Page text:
TrueDark Kelvin Color Temperature: What You Need to Know

Kelvin Color Temperature: What You Need to Know

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Lighting—it’s all about color temperature, lumens and lux.  Why? Because these measures of light not only affect the atmosphere of a room; they can also impact a person’s energy level, mental clarity, and well-being while inhabiting that space.

What Is Color Temperature?

This refers to the warmth or coolness of a light source, measured in Kelvins (K). This measurement is based on an absolute scale, which means that it starts at zero and continues to increase. 

Lower temperature bulbs (1,000–3,000K) produce warm, soft white light  like that of candlelight, ambient sunsets, or standard incandescent bulbs. 

Medium temperature bulbs (3200–4500K) produce neutral white light that creates a bright and inviting ambiance.  

Higher temperature bulbs (5000–10,000K) produce cool white light.  Color temperatures in this range are closest to the appearance of daylight. This range of light is often described as “clinical” because it makes objects appear crisp and vibrant. 

In short, the higher the Kelvin rating (expressed in K), the whiter the light will appear. For a more in-depth look at light sources and color temperature, reference the chart below:

Color Temperature chart

How to Interpret Kelvin Color Temperature Vs. Colors

While kelvin follows an absolute scale, human vision can perceive many colors that exist outside of this spectrum.  Color is the appearance of an object with respect to the wavelengths of light that are reflecting off of it. This attribute is determined visually by hue, saturation, and brightness of the light reflected off of an object.  With that said, it’s common practice for businesses to use the CIE 1931 color spaces to identify specific colors. Rather than describing how colors appear to humans, this Color Matching System helps users numerically specify a measured color and accurately reproduce it (e.g. in print or illuminated displays).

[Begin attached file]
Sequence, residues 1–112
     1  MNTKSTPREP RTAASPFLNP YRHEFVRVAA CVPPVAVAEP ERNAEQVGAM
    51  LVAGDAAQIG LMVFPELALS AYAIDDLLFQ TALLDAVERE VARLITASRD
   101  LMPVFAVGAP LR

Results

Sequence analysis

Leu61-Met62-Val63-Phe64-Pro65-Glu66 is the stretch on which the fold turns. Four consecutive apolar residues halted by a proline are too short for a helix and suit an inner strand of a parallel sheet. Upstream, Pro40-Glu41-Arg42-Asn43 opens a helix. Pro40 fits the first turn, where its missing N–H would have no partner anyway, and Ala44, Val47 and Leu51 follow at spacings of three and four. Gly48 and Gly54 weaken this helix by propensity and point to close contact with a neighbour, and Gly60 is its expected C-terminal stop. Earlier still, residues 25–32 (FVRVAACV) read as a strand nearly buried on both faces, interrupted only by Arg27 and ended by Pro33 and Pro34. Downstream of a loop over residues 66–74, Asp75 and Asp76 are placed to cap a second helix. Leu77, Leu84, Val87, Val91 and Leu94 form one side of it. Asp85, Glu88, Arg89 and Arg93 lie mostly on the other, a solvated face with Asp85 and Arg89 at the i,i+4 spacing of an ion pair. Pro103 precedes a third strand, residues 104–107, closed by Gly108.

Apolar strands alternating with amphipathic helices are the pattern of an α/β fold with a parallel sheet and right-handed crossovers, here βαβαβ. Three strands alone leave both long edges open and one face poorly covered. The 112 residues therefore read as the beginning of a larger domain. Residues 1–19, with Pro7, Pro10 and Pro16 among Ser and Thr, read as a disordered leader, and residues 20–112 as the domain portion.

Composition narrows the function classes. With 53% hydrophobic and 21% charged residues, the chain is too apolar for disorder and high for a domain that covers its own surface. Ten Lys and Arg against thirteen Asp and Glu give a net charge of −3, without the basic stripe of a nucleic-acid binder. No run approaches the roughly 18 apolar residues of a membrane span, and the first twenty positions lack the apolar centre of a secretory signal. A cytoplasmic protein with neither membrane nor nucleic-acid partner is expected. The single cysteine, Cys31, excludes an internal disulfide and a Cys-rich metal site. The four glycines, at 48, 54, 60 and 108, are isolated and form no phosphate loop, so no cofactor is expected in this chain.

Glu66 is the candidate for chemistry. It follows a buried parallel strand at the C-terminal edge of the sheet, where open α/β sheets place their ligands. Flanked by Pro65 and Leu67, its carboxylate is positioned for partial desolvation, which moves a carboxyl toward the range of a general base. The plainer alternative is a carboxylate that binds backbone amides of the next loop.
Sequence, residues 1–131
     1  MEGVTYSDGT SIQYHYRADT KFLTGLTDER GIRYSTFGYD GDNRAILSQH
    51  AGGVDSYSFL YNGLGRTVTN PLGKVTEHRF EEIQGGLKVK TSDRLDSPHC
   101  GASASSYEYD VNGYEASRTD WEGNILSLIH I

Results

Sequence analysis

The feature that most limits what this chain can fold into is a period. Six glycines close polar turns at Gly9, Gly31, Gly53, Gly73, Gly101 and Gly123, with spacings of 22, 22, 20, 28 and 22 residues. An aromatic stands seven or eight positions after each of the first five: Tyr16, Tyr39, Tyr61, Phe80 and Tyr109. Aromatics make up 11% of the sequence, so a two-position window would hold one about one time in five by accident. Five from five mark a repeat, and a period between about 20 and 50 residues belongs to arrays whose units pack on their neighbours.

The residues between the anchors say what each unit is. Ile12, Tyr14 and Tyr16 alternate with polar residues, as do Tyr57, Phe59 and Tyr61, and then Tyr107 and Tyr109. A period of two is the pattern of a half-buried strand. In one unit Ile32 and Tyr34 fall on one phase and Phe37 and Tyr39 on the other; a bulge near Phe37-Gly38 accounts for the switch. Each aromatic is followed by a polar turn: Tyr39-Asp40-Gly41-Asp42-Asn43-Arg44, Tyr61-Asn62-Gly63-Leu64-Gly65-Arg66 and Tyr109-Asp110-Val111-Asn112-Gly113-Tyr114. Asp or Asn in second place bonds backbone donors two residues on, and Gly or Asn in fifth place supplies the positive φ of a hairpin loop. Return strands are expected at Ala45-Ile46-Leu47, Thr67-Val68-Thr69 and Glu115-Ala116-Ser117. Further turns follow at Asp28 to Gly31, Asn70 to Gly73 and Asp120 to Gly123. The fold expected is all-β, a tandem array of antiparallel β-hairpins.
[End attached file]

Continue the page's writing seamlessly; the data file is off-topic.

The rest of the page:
Color temperature scale

There is no true conversion of nanometers to kelvin. However, within the CIE color spaces shown above, you can also see the Kelvin scale (the curved black line in the center of the spectrum).  Modern lighting technology will often produce vibrant colors which are way off the Kelvin line.  Note that any light that does not fall on this line can be classified as a (numerical) color but not a Kelvin. 

Color Temperature and Your Circadian Rhythm

Research shows that light is one of the most influential inputs on your circadian rhythm. It enters the eyes through special receptors that are especially sensitive to blue light, which provides humans with precise blueprints for carrying out important biological functions over the course of 24 hours (e.g. waking up, eating, exercising and sleeping).  So, when it comes to regulating your sleep/wake cycle, the saying, ”timing is everything” should really also acknowledge color temperature.

Now think about a typical 24-hour period. As the sun gradually changes its position in the sky, the light color temperature transforms from warm to cool, and back to warm again.  These natural phases of sunlight are naturally programmed into our biology, so when choosing lightingbe sure to consider the light sources that support your mood, energy, and natural sleep/wake cycle. 

Ideally, you want to incorporate “circadian” lighting in your home or office that mimics the color temperature of the sun’s natural light as it progresses throughout the day. For example, higher temperature bulbs are ideal for midday use because they help stimulate alertness and may assist with maintaining your energy and focus. So, while you’re working on specific tasks, it makes sense to use vibrant, invigorating light.  Lower temperature bulbs are conducive for illuminating spaces after sunset, especially if you want to create a more romantic setting or prepare your body to fall and stay asleep. In short, cool bright lights promote wakefulness and warmer lights encourage restfulness. 

For continued reading, be sure to check out Lumens and Lux: What You Need to Know 

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